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Tax Day Hazardous To Health, Study Finds

A new study suggests April 15 may not be the best day to drive . (jenineabarbanel/flickr)
A new study suggests April 15 may not be the best day to drive . (jenineabarbanel/flickr)

But Karen Weintraub, writing the Daily Dose blog today reports that tax day can be very bad for your physical health — and life — particularly when driving.

Looking at 30-years of car accident data, a University of Toronto professor has found that April 15 (or whatever weekday taxes were due that year) is substantially more dangerous than the same weekday a week earlier or later.

Roughly 13 more people die in road crashes on tax day than other days, according to the research published in the April 11 issue of the Journal of the American Medical Association.

Deadline stress was probably a key factor in these extra deaths, said Dr. Donald A. Redelmeier, who led the study and whose research was the first to reveal the dangers of driving while talking on a cell phone.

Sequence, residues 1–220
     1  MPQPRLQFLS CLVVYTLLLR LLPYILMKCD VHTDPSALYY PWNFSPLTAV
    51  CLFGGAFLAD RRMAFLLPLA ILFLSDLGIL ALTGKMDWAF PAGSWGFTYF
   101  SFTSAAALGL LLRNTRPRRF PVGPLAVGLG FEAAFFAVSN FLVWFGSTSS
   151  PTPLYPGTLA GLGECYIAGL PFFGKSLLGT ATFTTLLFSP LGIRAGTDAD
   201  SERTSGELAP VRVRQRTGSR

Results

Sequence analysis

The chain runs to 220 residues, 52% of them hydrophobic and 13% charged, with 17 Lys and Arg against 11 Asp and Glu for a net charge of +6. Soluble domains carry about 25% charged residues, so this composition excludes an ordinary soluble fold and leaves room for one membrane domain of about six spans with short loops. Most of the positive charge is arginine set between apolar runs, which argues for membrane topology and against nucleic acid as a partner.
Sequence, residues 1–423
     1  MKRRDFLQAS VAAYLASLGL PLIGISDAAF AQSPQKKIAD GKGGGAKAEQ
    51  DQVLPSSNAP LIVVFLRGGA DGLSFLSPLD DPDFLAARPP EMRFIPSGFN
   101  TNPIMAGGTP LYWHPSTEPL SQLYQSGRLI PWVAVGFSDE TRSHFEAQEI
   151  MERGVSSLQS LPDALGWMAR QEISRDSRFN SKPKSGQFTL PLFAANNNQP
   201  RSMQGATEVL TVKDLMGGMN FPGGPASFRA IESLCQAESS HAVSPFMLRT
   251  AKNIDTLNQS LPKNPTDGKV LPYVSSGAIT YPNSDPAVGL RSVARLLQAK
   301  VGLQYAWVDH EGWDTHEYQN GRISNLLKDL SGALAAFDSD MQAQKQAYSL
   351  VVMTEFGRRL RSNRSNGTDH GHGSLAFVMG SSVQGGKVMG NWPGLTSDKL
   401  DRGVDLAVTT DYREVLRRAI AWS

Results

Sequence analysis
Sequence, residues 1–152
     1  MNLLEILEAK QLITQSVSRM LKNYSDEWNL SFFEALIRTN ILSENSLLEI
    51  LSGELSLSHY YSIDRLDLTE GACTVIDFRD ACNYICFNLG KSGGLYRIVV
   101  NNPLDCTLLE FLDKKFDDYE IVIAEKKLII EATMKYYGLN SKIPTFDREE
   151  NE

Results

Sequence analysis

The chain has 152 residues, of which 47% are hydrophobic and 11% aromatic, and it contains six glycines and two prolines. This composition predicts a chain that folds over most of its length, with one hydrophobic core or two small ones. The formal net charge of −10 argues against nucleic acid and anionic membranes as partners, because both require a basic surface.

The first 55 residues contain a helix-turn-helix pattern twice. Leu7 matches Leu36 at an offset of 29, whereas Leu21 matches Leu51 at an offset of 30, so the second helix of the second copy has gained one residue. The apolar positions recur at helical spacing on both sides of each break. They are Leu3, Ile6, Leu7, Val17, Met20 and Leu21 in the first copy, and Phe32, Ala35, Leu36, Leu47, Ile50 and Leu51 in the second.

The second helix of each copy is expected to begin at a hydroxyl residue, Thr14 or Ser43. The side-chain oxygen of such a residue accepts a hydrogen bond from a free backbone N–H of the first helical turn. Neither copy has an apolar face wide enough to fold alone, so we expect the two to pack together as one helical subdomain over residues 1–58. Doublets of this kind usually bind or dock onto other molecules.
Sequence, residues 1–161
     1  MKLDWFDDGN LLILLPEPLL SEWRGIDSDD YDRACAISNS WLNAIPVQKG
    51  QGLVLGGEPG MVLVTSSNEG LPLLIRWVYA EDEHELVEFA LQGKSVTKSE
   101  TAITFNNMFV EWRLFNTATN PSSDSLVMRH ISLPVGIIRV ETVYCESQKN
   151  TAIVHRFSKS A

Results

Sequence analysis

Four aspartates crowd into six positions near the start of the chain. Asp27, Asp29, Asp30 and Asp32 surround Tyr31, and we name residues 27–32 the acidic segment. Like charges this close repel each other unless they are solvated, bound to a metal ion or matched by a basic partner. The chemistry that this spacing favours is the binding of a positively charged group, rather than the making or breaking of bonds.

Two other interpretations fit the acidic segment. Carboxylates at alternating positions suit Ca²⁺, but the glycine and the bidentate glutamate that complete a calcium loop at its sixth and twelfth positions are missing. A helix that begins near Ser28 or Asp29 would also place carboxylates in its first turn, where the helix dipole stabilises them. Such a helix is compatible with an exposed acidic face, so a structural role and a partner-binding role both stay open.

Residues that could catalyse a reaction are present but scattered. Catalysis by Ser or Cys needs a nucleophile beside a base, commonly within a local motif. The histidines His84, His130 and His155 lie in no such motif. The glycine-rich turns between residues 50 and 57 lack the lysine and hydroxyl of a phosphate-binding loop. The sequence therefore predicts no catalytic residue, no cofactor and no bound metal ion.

“Our main finding is that stressful deadlines can contribute to driving errors that can contribute to fatal crashes,” he said. “We use tax day to learn something about stress that may be relevant 365 days a year.”

Passengers and pedestrians are also more likely to die on tax day, Redelmeier said, though it’s not clear whether – for pedestrians – that’s because they were in the wrong place at the wrong time, or – for passengers – because the car they were in was driven or struck by someone distracted by stress.

“We believe that almost every fatal crash could have been avoided by a small change in driver behavior,” said Redelmeier, who also practices medicine at Sunnybrook Health Sciences Centre in Toronto. More than 93 percent of accidents are caused by human error, rather than mechanical failure or roadway problems, he said.

Basic safety practices like wearing a seatbelt, obeying the speed limit, restricting alcohol use, minimizing distractions, and driving with care, save lives, he said.

This program aired on April 10, 2012. The audio for this program is not available.

Rachel Zimmerman Twitter Health Reporter
Rachel Zimmerman previously reported on health and the intersection of health and business for Bostonomix.

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